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These Boots Were Made For Walking: But What About Your Feet?

Whether you are just getting started in expedition and event medicine, or you are an old hand, one of the things you can’t get away from are feet. You will also get lots of questions about blisters, how to prevent them, how to dress them, whether to pop them and much more. This latest blog will look at foot care and some useful tips and tricks.

Matt sorting his feet in the Yukon


As with all potential medical issues, prevention is better than cure. Ensuring that participants have appropriate footwear, that they have already worn on fairly long treks prior to joining a trip is really important. It is not the time to try some shiny new Gore-Tex boots that are fresh out of the box, as this can be like playing “Russian roulette” with your feet, and indeed your expedition, as bad blisters can ruin a trip.

Depending on the type of terrain, approach shoes or walking boots may be advised and the latter are especially important if ankle protection is required. Having a good quality sole (e.g. Vibram) can be really beneficial, and can reduce the risk of slips and trips. It is also important to check that the sole is not too worn out from prolonged use and to preferably discover this before the start of a trip!

Waterproofing is also a key factor to consider, as wet feet are much more prone to skin breakdown and blistering. It is also a huge morale boost to have dry feet whenever possible! Good quality leather boots, or boots with a membrane-based waterproof lining, are a must when joining an event or expedition in wet or potentially wet conditions.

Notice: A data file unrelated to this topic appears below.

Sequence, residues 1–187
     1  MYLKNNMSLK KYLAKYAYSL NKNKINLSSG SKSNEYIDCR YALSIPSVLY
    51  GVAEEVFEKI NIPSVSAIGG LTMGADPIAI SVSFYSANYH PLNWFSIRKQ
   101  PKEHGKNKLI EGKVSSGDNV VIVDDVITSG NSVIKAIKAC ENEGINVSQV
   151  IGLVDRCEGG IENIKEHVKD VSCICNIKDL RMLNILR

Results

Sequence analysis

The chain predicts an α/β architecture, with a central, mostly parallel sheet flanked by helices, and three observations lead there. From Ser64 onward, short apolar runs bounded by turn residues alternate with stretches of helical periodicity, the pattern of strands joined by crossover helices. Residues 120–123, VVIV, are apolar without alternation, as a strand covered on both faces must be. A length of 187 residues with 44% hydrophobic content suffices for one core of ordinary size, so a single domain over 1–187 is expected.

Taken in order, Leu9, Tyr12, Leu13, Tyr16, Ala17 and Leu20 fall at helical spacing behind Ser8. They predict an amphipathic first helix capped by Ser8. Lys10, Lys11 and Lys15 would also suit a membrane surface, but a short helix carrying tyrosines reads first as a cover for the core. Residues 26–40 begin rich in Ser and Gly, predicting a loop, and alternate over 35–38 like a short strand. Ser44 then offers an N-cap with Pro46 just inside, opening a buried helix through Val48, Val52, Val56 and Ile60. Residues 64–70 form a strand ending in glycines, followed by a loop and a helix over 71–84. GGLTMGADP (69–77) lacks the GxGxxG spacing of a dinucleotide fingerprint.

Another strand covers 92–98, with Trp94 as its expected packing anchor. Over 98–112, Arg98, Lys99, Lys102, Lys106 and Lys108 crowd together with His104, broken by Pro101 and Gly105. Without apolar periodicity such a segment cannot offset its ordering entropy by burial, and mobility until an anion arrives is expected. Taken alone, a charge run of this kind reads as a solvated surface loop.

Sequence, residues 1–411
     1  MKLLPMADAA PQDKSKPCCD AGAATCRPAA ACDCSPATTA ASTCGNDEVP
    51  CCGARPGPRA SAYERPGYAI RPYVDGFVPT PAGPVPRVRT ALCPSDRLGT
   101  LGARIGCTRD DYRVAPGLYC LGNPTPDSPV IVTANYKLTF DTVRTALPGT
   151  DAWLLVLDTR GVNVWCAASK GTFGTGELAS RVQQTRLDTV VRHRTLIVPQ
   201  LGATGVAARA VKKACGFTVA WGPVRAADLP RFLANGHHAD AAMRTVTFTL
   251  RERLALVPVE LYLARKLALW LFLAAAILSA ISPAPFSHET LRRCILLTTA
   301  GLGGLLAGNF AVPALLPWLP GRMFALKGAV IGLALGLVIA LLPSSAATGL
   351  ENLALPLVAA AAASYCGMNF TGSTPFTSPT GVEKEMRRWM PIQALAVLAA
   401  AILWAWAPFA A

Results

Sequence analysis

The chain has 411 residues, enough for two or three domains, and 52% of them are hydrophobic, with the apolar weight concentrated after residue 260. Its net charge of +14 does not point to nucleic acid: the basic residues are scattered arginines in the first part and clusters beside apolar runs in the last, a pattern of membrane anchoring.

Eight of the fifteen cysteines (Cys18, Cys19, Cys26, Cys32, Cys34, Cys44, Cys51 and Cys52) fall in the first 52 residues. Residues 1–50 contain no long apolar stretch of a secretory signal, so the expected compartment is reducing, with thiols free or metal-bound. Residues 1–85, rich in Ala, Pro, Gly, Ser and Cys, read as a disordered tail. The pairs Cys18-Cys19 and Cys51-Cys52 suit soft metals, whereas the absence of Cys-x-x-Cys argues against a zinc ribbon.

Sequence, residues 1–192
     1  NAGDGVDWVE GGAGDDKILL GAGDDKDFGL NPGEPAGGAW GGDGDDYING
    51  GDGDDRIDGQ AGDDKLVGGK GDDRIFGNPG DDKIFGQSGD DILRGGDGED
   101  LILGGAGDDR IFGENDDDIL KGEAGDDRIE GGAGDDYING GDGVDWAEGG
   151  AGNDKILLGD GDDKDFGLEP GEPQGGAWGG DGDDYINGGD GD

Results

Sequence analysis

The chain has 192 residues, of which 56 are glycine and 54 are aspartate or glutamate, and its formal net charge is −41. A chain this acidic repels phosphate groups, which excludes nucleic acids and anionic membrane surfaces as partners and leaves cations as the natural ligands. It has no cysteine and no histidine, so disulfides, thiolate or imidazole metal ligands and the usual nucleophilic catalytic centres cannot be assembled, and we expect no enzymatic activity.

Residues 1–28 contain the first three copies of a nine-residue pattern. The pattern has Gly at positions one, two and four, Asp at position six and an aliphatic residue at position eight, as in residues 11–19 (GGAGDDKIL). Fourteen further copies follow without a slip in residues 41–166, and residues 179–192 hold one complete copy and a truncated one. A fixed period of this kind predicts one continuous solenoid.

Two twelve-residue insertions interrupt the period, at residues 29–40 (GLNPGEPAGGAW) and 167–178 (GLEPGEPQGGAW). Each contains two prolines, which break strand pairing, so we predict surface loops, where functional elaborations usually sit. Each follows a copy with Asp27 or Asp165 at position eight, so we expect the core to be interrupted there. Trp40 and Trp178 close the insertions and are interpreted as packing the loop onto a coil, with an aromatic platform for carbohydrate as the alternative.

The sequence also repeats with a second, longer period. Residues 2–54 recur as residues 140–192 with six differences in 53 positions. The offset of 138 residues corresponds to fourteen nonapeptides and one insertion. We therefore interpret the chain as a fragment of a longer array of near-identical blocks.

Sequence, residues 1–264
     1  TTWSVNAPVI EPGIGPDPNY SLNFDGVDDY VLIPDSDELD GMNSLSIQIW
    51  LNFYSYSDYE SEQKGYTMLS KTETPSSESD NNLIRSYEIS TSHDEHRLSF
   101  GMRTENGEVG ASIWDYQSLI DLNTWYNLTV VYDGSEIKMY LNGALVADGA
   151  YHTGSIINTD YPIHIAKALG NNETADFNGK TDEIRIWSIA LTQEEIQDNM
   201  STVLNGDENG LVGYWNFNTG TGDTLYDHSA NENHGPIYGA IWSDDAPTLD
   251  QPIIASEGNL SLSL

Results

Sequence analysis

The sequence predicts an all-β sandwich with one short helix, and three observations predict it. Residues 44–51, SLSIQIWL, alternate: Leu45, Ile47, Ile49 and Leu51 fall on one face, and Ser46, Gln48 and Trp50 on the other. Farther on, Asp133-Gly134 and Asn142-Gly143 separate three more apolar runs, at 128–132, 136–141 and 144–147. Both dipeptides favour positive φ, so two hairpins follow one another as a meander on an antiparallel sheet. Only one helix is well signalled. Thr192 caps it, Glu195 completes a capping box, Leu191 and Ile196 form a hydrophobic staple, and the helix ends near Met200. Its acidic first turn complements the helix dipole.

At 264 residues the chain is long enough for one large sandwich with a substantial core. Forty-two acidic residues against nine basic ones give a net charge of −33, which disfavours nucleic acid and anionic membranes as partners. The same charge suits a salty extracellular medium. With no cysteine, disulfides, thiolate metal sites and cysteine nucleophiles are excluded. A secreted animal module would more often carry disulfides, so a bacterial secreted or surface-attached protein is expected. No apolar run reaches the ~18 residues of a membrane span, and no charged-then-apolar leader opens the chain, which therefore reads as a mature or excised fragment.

Immersion Foot

Having footwear with a waterproof membrane, can in fact be detrimental in some environments, as whilst it keeps water out, it will also trap water within a shoe or boot, in the same way that waterproof socks can. This prolonged exposure to moisture can cause “Warm Water Immersion Foot” (WWIF) or Tropical Immersion Foot (TIF), which can lead to pain, burning, gross oedema and difficulty weight-bearing. Unsurprisingly these two conditions can end someone’s expedition. Prevention by having jungle boots (with holes to drain water), ensuring thorough drying and encouraging the liberal use of talcum powder is prudent, and looking out for the warning signs of white, painful wrinkled feet is vital.

Warm Water Immersion Foot; Image Credit:


We have all had blisters at some point in time and you will recall that they can really hurt! Identifying “hot-spots,” (sore or erythematous areas) at the earliest opportunity, and taping these, should be encouraged at any expedition or event briefing session. Having good footwear that will stay dry is the best method to reduce the likelihood of blister formation, but eventually feet get wet. The repetitive rubbing of wet fabric on pressure points, and the resulting friction on wet skin, will ultimately lead to blister formation as the body tries to prevent further damage from occurring by creating fluid filled cushions.